Microsoft introduced their answer to the new world or Tablet computing today with 'Surface', a family of tablets that is designed to showcase their new Windows 8 and Windows RT operating systems and hopefully 'prime the pump' for what will be a bold new era in Windows computers. Eschewing the company's usual model of only providing the software while depending on hardware partners to provide the physical machines, Steve Balmer started out the presentation at Los Angeles's 'MILK' Studios by reviewing the company's history of hardware firsts and successes such as the Windows Mouse, Keyboard and Xbox before unveiling the stunning new tablets which feature VaporMG magnesium casings and 'touch' and 'type' covers with built-in keyboards.
The two models of 'Surface' are remarkably similar on the outside but rather different when it comes to operating system and features. Both features a 10.6 inch Gorilla Glass 2 screen with the RT version coming in at 'HD' (probably 1366 x 768) and the Windows 8 Pro version with 'Full HD' (probably 1920 x 1200) resolutions. 'Surface for Windows RT ', the thinner and lighter of the two comes in at 9.3mm thin and 676 grams and will run on the Windows RT operating system. The tablet runs on an ARM processor which is reportedly provided by Nvidia and featurs microSD, USB 2.0, Micro HD Video and a 2x2 MIMO antannae.
'Surface for Windows 8 Pro', slightly larger and thicker comes in at 903 grams and at 13.5mm thick and runs on the full Windows 8 Pro operating system. It is based on an Intel (probably Ivy Bridge) processor and ports include USB 3.0, microSDXC, Mini Display Port and 2x2 MIMO Antennae.
Now the main difference between the two tablets, besides their obvious hardware configurations is the operating system. Windows RT is the scaled down version of Windows 8 that is designed to run on the lower power ARM processors and relies on the 'Metro' touch UI as it's main platform for the user. It does not have backwards compatibility with legacy applications from Windows and can be considered the closest to a pure 'iPad' or 'Android' competitor. While it does have a 'desktop mode' it is more for file management purposes. 'Surface for Windows RT' will come with a special version of Microsoft Office built-in that is designed to work with the Metro UI and be compatible with all your Word, Powerpoing, Excel and OneNote files.
Surface for Windows 8 Pro on the otherhand features the full Windows 8 Pro experience which included backwards compatibility with legacy Windows applications. One should be able to use full versions of all their Windows applications such as the full desktop version of Microsoft Office, games, applications such as Photoshop, Premiere, Wordperfect and anything else you use on your desktop Windows PC at home. It truly will be a full 'PC', but one that whey the keyboard is removed or the 'touch' or 'type' cover is folded away becomes a 'Metro' based tablet similar to the Windows RT model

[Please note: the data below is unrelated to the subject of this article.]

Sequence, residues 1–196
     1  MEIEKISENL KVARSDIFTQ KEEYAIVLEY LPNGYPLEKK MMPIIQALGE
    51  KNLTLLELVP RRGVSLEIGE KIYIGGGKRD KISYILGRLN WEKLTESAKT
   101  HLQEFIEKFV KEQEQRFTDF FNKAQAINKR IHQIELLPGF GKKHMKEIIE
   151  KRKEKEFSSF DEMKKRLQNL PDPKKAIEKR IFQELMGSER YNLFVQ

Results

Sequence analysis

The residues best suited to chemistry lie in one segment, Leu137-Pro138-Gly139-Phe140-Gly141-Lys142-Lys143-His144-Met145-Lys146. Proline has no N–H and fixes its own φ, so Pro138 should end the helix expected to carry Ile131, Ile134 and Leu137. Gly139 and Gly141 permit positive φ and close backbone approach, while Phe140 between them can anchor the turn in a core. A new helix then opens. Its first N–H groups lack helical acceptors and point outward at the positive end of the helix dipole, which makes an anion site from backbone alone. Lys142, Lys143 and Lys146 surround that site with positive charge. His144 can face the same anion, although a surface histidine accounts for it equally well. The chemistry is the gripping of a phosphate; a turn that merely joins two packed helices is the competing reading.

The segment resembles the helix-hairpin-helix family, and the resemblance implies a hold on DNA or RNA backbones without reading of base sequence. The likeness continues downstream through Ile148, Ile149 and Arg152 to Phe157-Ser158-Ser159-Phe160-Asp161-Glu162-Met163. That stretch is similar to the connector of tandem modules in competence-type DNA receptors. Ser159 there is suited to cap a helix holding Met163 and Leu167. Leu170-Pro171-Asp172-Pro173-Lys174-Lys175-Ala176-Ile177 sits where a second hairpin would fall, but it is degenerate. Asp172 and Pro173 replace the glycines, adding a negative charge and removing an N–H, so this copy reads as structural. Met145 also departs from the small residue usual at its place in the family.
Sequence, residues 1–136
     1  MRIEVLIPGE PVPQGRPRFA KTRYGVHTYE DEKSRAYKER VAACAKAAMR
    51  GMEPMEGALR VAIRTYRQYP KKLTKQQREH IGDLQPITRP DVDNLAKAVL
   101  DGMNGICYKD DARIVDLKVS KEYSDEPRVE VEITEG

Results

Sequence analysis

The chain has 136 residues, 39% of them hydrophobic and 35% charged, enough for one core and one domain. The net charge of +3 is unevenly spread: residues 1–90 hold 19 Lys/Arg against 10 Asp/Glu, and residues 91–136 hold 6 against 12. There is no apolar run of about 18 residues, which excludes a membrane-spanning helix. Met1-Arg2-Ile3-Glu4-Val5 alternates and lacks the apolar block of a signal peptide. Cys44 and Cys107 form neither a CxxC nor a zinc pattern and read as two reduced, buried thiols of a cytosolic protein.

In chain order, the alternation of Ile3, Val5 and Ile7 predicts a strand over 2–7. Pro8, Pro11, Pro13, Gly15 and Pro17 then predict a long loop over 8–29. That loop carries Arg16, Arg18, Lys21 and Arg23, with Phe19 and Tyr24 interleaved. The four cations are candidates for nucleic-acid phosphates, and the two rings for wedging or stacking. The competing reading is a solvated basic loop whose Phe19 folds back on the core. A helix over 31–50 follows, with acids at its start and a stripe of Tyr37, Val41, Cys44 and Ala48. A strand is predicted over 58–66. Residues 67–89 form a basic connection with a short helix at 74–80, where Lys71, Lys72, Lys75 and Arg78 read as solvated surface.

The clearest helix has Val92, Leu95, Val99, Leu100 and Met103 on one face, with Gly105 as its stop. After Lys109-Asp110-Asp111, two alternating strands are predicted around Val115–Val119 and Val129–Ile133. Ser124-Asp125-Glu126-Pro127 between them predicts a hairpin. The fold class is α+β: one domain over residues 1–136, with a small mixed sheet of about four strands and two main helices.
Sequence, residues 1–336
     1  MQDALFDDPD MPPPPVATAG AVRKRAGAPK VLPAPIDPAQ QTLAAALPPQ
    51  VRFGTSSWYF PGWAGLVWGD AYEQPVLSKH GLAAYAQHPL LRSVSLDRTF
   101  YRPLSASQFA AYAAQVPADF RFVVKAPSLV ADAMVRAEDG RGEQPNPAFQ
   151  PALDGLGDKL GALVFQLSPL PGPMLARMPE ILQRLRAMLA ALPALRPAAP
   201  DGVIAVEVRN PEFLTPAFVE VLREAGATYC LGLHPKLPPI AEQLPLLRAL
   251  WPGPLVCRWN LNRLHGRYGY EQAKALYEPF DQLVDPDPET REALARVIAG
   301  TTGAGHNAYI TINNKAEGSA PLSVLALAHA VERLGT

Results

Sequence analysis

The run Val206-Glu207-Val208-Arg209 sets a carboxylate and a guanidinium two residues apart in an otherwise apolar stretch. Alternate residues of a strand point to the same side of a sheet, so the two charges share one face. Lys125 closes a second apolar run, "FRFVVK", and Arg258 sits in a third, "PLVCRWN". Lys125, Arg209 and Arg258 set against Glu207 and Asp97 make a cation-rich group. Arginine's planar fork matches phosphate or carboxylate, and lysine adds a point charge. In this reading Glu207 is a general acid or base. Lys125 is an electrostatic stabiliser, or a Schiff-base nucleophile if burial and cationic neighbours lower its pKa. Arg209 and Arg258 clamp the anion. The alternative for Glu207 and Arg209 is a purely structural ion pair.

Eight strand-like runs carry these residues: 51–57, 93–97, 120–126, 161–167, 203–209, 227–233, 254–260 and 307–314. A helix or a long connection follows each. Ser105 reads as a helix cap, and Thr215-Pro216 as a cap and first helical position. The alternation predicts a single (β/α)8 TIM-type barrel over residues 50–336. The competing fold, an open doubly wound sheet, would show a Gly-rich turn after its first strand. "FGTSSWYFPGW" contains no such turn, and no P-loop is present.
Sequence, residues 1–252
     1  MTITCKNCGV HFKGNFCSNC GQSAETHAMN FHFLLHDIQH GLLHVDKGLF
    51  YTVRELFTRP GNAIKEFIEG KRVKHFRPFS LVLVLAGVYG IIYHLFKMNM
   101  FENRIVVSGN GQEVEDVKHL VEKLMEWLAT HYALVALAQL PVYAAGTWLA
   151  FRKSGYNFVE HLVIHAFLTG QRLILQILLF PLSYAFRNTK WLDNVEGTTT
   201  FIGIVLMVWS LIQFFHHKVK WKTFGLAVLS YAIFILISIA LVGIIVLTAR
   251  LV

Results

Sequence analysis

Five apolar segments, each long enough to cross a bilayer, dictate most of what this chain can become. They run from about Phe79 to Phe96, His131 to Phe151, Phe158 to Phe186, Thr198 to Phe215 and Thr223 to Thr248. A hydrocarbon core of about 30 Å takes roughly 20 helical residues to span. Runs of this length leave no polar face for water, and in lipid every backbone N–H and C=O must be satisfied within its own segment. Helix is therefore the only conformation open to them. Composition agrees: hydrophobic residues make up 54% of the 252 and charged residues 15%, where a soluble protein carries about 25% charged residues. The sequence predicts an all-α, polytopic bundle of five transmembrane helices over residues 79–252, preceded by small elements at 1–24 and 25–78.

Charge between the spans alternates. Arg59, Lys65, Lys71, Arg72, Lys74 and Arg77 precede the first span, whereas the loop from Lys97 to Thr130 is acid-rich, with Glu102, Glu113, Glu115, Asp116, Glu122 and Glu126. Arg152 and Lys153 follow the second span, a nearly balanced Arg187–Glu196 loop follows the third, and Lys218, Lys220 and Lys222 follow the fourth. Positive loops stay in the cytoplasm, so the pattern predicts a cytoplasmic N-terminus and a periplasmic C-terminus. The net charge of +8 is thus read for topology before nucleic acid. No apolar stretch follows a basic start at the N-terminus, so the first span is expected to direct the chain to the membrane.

One of the 'highlights' of the Microsoft event in LA that unveiled the Surface tablets was when they showed their new 'touch' and 'type' covers. These two accessories function as protective covers but also have a keyboard built-in, along with accelerometer. The 'touch cover' is a super thin cover of only 3mm thickness that has a keyboard 'imprint' and promises a typing experience superior to what you would get typing on glass. the 'type cover' on the other hand has a full tactile keyboard that promises a comfortable typing experience with actual physical keys, albeight in a slightly thicker package.
Another highlight has to do with the 'kickstand' that is built-in on both tablets which allow for easy viewing as well as typing on the tablet. The company went to great lengths to emphasize the '3 hinge' design and how the stand was incredibly sturdy when opened yet would 'disappear' when snapped back into place as a tablet. Both designs (the stand and keyboard covers) are probably the most talked about 'innovations' that came out of the even, along with a new term 'VaporMG' which is the process that was used to make the magnesium casings for the tablets.
Pricing wasn't immediately available but was said to be in line with current ARM and Ultrabook pricings depending on model. Availability was estimated to be when Windows 8 rolls out in the fall (October) for the 'Surface for Windows RT' tablets while the 'Surface for Windows Pro' models would follow about 3 months later. So what do you think? Has Microsoft hit it out of the park with these new 'Surface' tablets? Will you buy one? How do they compare to what you've seen from other hardware companies at the recent Computex show in terms of tablet design? Finally...do the 'Surface' tablets make you excited about Windows 8? Let us hear your thoughts in the comments!